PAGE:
Commentary: We know it’s pointless to work long hours yet we still do it
Little sleep and 80-hour weeks do not make you a productive thinker, says the Financial Times' Pilita Clark.
LONDON: People say that Dominic Cummings is brilliant.
The Downing Street adviser is also said to be ruthless, inspiring, bullying, a complete liability and “mad”. I would not know.
The closest I have come to seeing him was a TV drama in January where his role as a mastermind of the 2016 Vote Leave referendum campaign was played by Benedict Cumberbatch.
THE LAST FREE WEEKEND BEFORE BREXIT
But people I know who have had a lot to do with Mr Cummings all agree that whatever else he is, he is no idiot. Last weekend, however, as I was thumbing through the Sunday papers on the last bank holiday of the summer, I read something about him that did not seem clever at all.
According to The Sunday Times, he had just told a meeting of ministerial advisers they should enjoy the bank holiday, “because it’s the last weekend you’ll be having before we leave the European Union”.
Advisers have already had their summer holidays cancelled until after Oct 31, the day Boris Johnson has vowed to take Britain out of the EU, “do or die”.
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So it appears that Brexit, one of the most important events in British postwar history, may have been placed in the hands of men and women who have gone without a summer break and worked for days on end for the best part of two months straight.
This is not brilliant. This is loopy.
MORE HOURS DOES NOT MEAN MORE PRODUCTIVITY
There is plenty of evidence showing people who work mad hours are more prone to get ill, drink heavily and make rubbish decisions. Even if you work gladly on a project you love, which may be the case for Mr Cummings’ crew, you are more likely to muck up when tired.
A lot of people think they can get by with just five or six hours of sleep a night with no serious dip in performance. Experts say they are deluded: all but a tiny portion of us need a good seven to nine hours a night.
Worst of all, more hours do not necessarily mean more productivity. A study of workers at a global consultancy firm a few years ago found their bosses could not tell the difference between those who toiled for 80 hours a week and those who simply pretended to.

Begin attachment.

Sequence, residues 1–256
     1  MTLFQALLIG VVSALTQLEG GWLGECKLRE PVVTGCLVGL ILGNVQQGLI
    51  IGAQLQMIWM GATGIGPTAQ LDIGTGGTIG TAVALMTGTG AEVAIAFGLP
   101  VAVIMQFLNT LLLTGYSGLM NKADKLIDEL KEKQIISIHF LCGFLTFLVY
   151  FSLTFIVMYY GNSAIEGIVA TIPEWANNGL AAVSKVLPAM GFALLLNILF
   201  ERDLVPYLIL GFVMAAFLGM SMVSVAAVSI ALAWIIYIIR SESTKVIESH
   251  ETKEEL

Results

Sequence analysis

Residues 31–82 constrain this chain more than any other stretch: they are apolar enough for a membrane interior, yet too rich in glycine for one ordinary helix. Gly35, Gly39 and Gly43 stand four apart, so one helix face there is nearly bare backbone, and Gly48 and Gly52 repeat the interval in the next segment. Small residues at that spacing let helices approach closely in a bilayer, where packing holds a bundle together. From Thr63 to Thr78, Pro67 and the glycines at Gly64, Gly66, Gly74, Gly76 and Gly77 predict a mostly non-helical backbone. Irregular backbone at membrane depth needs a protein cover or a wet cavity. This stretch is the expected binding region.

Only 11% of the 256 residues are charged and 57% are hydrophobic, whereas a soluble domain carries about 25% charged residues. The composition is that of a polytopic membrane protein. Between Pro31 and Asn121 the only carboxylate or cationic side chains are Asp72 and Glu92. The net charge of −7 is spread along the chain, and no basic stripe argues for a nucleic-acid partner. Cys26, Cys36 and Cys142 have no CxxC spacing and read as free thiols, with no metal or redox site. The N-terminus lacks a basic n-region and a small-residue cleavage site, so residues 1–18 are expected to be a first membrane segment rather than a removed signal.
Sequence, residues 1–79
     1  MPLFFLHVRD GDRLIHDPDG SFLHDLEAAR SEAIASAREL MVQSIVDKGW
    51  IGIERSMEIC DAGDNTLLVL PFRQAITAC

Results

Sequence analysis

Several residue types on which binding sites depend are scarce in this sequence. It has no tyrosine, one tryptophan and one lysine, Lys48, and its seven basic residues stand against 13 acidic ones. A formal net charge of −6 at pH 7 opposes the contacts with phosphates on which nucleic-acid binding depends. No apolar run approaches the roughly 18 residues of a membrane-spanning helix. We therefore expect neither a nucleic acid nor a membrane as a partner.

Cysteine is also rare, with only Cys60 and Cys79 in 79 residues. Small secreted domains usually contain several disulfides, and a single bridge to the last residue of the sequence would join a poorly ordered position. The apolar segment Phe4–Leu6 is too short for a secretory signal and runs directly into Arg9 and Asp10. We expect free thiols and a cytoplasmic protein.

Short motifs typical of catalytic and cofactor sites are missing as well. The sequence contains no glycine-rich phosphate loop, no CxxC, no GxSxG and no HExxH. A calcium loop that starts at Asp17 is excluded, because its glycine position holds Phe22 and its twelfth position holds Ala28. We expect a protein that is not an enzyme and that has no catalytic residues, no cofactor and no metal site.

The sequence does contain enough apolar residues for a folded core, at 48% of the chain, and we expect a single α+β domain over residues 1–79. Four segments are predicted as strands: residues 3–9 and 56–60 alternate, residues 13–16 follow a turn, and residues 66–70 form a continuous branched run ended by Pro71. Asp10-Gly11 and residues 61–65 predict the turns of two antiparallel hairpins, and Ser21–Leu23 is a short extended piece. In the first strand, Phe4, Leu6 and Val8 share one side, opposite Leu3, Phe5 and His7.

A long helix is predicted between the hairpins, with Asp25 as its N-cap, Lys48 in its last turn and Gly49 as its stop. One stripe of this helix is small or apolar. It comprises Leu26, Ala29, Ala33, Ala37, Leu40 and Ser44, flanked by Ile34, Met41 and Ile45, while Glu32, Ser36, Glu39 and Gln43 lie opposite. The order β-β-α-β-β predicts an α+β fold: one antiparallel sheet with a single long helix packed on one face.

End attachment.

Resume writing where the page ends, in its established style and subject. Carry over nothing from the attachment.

Mr Cummings may understand all this already. Perhaps the leaked news of cancelled weekends and holidays are merely part of a ploy to convince anti-Brexiters they are up against a force of ferociously disciplined campaigners.
I hope so. Otherwise he sounds like one of those irksome bosses who imposes manic work habits on his underlings because he prefers to work like that himself.
Until a few months ago, he was regularly publishing vast screeds on a blog about things like cognitive technologies that smack of a man in his tracksuit pants hunched over a laptop at four in the morning.
This may be unfair. But I doubt Mr Cummings’ work days look like those of Charles Darwin, Charles Dickens and other great creative minds.
YOU GET MORE DONE WHEN YOU WORK LESS
Not that long ago, a friend (who is definitely clever) sent me an article by Alex Soojung-Kim Pang, a Silicon Valley consultant who spent a lot of time investigating the working lives of influential thinkers for a book he wrote called Rest: Why You Get More Done When You Work Less.
He found that Charles Darwin ambled into his study around 8am and worked a good hour and a half before taking a break to read the mail. He did another 90 minutes before noon and then, after a walk and an afternoon nap, another briefish stint before dinner.
As Mr Pang writes, if Darwin had been working in a company today, “he would have been fired within a week”.
Yet he still managed to write 19 books, including On the Origin of Species, one of the most famous books in the history of science.
Henri Poincare, the great French mathematician, wrote 30 books and 500 papers by following the less than blistering pace of a roughly four-hour day. The prolific Dickens wrote from 9am to 2pm, with a break for lunch.
Today’s office worker may not be aspiring to write Bleak House. But there is much to be said for Mr Pang’s conclusion that today’s belief in the power of the 80-hour week is piffle.
Long walks. Afternoon naps. Brief periods of intense work and lots of rest sound far better. By Oct 31, I am sure a lot of people in Westminster will thoroughly agree.